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Bureau Of Wellness Safety & Training

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Heath Information for the Fire Service

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- Hepatitis C -

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Hepatitis C ( HCV )

History: Isolated and identified in 1990. Prior to 1990 it was classified as non-A non-B Hepatitis. Hepatitis is a bloodborne virus which lives in and attacks the liver. The incubation period is 2 to 6 months. HCV can remain undetected and without producing symptoms for up to 20 years or more. Estimates range from 4 to 15 million Americans infected. Most do not know they have the disease. Up to 10,000 fatalities annually. The Fire/Rescue Service has been shown to test positive at a rate of 6%, 3 times the national average. (See JEMS March 2000 )

Risks of Transmission:

  • Sharing illegal IV drug needles.
  • Multiple sex partners.
  • Tatoos and body piercing with nonsterile instruments.
  • Homosexual relationships.
  • Healthare workers

NOTE: Sexual transmission in monagamous relationships is uncommon. Household transmission is also uncommon.(Sharing razors and toothbrushes.)

Signs & Symptoms: Many of the symptoms can be incorrectly attributed to other possibilities such as the flu. Symptoms range from none to organ failure and death. The most commonly reported symptoms are: 

  • Jaundice ( Yellowing of the skin )
  • Fatigue
  • Abdominal pain
  • Muscle and joint pain
  • Nausea and vomiting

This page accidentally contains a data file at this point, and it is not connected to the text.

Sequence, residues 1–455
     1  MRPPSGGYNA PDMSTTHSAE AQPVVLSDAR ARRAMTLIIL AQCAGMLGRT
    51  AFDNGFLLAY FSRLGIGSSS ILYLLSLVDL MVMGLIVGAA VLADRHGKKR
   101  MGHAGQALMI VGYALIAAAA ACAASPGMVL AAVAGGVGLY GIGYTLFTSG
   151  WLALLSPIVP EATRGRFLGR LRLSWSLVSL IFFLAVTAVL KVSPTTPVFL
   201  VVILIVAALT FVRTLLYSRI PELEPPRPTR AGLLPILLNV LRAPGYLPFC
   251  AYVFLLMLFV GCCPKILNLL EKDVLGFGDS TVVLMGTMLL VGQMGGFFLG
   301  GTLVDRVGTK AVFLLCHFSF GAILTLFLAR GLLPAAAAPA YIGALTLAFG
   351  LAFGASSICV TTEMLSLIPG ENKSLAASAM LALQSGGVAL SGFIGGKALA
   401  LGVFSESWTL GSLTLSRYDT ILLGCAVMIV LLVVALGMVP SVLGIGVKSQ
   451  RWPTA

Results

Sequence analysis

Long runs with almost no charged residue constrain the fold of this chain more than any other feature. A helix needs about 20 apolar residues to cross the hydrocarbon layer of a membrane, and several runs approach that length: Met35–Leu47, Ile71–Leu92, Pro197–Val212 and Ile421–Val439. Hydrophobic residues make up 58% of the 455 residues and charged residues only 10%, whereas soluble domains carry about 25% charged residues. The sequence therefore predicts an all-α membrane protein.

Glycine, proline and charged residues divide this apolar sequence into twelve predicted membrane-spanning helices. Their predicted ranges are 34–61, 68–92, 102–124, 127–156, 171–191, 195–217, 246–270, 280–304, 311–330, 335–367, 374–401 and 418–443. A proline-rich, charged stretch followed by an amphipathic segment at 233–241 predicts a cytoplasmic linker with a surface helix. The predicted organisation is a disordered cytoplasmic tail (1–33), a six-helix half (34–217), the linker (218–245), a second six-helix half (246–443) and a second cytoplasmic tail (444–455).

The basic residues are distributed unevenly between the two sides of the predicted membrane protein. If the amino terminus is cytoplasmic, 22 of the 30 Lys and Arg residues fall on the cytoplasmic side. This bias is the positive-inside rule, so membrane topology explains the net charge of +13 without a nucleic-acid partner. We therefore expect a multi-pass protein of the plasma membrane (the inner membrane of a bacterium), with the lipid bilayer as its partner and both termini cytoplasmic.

Testing and Detection: Blood tests for HCV antibodies and liver enzyme ( ALT ) are used for initial detection. If HCV is diagnosed, then it may be useful to perform a needle biopsy to determine the degree of damage.

Treatment: If treatment is recommended, then a combination of Interferon and Ribavirin are the current drugs of choice. Abstention from alcohol. Eat right, rest well, exercise and drink lots of water can reduce symptoms. Most people live symptom free for many years.

Prevention: Utilize accepted and mandated universal body substance isolation precautions. Educate yourself, your family, friends and loved ones regarding Hepatitis C and universal precautions. You may want to Get Tested if : 

  • Eight or more years in Fire/Rescue 
  • Previous exposure known or suspected 
  • Any of the above risk factors

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Information Resources for Hepatitis C ( HCV )

Centers for Disease Control and Prevention
Atlanta Ga. 30333
( 888 ) 4 HEP CDC
http://www.cdc.gov/ncidod/diseases/hepatitis/c/fact.htm

National Digestive Disease Information Clearinghouse
#2 Information Way
Bethesda MD 20892-3570
( 301 ) 654-3810 http://www.niddk.nih.gov/health/digest/pubs/hep/hepc/hepc/htm

American Liver Foundation
1425 Pompton Ave.
Cedar Grove N. J. 07009-1000
( 800 ) 223-0179

Hepatitis Foundation
International 30 Sunrise Terrace
Cedar Grove N. J. 07009-1423
( 800 ) 891-0707

National Hepatitis C Coalition
P O Box 921
Smyrna Tenn. 37167
( 615 ) 355-8604
http://www.nationalhepatitis-c.org

Firehouse.Com Hepatitis C Information
http://www.firehouse.com/news/2000/3/philly/
A great source of information related directly to the Fire/Rescue Service concerns regarding Hepatitis C.



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